FRIDAY, Oct. 29, 2004 (HealthDayNews) -- Kidney patients who undergo dialysis at home during nighttime sleep have improved cardiovascular health compared to patients on standard three-times-a-week daytime dialysis, Canadian researchers report.
The sleep-time regimen also frees patients from being hooked up to machines during waking hours -- allowing them to spend their days doing the things they love.
"We are very encouraged by the results of this study," said lead researcher Dr. Christopher Chan, medical director of home hemodialysis at Toronto General Hospital. "The quality of life of someone who can perform their own dialysis at home at night is much better."
The findings were presented Friday at the annual meeting of the American Society of Nephrology in St. Louis.
When kidneys fail to keep up with the body's demands, patients enter a state known as end-stage renal disease (ESRD). For most of these patients, this means multiple, hours-long sessions per week of artificial kidney dialysis just to stay alive.
One of the kidney's major functions is its role in maintaining proper levels of calcium in the blood. But as kidneys fail, this calcium balance goes awry, resulting in a gradual buildup of potentially dangerous calcium phosphate within arteries.
"With standard three-times-a-week daytime dialysis, the usual natural history is that there's a progression of calcium buildup," Chan said. "Even within one year, it ranges from a 10 percent to 90-to-100 percent increase in calcium [deposition]."
Chan and his team wondered if this trend could be slowed with nighttime dialysis, which offers patients six to eight hours of dialysis five or six nights per week -- a much higher frequency of sessions.
"The whole notion is that three-times-a-week -- the current standard of care -- just doesn't provide enough dialysis to adequately adjust for all the bodily functions that the kidneys used to do," he said.
In its study, the Toronto team compared the coronary artery CT scans of 14 end-stage kidney disease patients before they began nighttime dialysis, and then one year after beginning the at-home treatment.
Unlike the steady accumulation of calcium phosphate seen in the arteries of patients on daytime dialysis, "we did not find a significant worsening of calcium buildup in the coronary arteries" of patients on nighttime dialysis, Chan said.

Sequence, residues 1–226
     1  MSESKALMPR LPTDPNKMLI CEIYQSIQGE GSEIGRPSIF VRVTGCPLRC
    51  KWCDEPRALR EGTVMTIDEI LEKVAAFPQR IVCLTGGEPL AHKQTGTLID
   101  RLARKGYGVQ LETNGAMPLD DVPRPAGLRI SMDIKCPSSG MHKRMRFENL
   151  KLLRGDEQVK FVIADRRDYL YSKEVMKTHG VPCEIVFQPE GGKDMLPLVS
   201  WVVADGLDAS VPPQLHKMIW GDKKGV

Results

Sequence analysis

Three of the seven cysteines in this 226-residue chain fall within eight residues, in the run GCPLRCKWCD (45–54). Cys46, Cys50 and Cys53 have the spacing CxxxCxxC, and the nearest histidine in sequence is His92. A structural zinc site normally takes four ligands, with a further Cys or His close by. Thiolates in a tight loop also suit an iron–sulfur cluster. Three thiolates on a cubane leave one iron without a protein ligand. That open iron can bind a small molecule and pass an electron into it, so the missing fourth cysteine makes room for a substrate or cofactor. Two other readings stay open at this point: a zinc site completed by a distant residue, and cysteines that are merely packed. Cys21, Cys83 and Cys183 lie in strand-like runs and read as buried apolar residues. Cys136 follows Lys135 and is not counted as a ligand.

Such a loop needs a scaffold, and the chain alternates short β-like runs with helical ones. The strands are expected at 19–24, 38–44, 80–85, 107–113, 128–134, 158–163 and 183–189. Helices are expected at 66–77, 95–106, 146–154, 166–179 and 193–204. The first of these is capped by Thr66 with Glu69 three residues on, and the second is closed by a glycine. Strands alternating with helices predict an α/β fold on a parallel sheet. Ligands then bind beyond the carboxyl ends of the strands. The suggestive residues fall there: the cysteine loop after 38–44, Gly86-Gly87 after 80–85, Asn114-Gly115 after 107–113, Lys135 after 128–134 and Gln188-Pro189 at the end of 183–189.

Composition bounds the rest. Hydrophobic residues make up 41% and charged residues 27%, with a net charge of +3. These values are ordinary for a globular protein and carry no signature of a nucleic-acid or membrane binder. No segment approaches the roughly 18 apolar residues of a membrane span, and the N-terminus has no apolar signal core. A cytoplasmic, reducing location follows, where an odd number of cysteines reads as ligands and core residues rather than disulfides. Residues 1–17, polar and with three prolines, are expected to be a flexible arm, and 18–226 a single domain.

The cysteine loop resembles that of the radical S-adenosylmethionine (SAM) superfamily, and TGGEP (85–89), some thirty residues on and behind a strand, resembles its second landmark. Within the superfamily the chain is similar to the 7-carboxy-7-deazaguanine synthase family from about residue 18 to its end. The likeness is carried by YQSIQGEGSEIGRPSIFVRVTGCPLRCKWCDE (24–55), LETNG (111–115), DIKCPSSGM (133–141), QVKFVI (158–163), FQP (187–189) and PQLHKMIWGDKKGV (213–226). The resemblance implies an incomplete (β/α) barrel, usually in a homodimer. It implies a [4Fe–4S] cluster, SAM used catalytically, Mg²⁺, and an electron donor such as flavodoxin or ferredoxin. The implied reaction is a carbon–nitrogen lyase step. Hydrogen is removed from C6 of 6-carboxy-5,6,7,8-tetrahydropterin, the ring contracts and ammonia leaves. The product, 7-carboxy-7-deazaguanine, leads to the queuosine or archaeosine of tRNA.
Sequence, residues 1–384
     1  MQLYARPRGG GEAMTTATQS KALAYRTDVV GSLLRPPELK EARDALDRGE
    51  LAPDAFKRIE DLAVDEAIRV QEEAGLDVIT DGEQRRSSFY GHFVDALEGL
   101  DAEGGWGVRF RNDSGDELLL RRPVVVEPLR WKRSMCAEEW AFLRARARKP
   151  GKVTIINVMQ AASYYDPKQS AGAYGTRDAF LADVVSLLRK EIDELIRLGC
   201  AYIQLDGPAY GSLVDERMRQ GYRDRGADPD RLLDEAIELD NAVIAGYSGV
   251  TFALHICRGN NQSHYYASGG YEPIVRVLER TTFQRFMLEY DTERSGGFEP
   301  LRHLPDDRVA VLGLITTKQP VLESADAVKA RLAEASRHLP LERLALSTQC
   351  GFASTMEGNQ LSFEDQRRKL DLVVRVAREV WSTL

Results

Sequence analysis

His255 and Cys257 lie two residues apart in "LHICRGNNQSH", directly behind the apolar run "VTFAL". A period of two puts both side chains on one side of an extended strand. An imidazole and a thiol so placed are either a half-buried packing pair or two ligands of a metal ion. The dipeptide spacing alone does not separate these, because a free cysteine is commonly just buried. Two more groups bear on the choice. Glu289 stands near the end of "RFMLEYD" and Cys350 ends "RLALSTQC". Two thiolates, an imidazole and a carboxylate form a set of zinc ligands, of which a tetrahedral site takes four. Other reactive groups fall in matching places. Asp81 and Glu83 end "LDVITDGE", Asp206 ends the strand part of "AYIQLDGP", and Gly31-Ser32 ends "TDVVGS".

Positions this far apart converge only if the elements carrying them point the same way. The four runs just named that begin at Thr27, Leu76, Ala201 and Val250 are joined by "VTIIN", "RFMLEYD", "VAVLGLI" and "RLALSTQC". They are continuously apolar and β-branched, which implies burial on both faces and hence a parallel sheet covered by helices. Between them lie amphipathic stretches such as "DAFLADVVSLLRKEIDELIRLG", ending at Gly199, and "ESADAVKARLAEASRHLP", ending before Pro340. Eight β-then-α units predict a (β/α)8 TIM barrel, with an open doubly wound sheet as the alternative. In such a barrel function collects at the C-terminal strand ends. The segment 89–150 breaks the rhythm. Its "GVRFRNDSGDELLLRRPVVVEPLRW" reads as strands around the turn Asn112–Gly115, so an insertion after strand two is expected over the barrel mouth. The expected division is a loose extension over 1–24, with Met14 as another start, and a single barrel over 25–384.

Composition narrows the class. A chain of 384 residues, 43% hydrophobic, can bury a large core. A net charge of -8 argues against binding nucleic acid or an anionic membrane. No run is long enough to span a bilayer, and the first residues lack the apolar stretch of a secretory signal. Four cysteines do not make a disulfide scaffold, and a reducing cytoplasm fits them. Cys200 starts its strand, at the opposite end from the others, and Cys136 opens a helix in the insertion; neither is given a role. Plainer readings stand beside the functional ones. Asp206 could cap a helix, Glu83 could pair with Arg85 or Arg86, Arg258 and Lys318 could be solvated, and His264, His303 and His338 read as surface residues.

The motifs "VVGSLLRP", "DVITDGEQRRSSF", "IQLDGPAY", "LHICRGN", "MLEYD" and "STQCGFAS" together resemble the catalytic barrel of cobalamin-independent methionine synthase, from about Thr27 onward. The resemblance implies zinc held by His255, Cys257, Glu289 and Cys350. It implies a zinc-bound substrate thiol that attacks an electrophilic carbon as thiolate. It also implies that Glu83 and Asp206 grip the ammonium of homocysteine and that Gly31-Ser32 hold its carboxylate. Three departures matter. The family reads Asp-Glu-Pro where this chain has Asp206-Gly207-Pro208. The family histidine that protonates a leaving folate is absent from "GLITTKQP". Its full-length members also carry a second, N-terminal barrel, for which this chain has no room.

While a larger, controlled trial is needed, the findings "are yet another piece of the puzzle that strongly suggest that these forms of therapy are, in the future, going to alter outcomes," said Dr. Robert Lindsay, an expert in nighttime hemodialysis and professor of medicine at the University of Western Ontario. He and Chan are collaborating on a textbook introducing clinicians to the nighttime procedure.
Lindsay said other small studies have suggested that nocturnal dialysis improves other cardiovascular risk factors, resulting in lower blood pressure and a shrinking of enlarged heart muscle in kidney patients.
While-you-sleep dialysis may also reduce patient levels of sleep apnea -- breathing difficulties causing multiple nighttime awakenings, according to Chan. Correcting sleep apnea is important for cardiovascular health, since the condition seems to upset the autonomic nervous system that controls heart rate.
"When we're asleep, we shouldn't have a high heart rate. It should be relaxed," he explained. "But in patients with kidney failure and sleep apnea, they actually have a heightened heart rate during sleep, so their heart never really rests."
Patients on nighttime dialysis make important gains in terms of lifestyle as well, with more time for leisure-time activities and reductions in clinic visits. "We train patients to administer the therapy at home -- it's essentially the same machine used in our clinic," Chan said.
The procedure may even help vary patient's diets. Because of the dangers of excess calcium in the blood, ESRD patients are usually told to keep away from calcium-rich dairy products. But, according to Lindsay, nighttime dialysis has proven so successful for some patients they even develop slight calcium deficiencies.
"In some cases," he said, "we tell them, 'Go drink milk, go and get a cheeseburger or something.' They'll say, 'Oh, really? For all of my time in dialysis before, this was forbidden.' They love it."
Although the study didn't look at patient survival, Chan noted that the Toronto team was the first in the world to institute a nighttime dialysis regimen, beginning in 1994. The program now includes 110 long-term patients and, "so far, we've seen remarkable survival statistics, with less than 10 patients passing away during that 10-year span," he said.
But Lindsay stressed that longer, larger better-controlled studies are necessary to confirm that nighttime dialysis does increase patient life span.
While nocturnal dialysis has yet to make significant inroads in the United States, Chan said that it's beginning to gain more acceptance among American clinicians.
"In fact," he said, "the U.S. National Institutes of Health is sponsoring a trial looking at nocturnal dialysis vs. three-times-per week."
For more on preventing and treating kidney disease, go to the National Kidney Disease Education Program.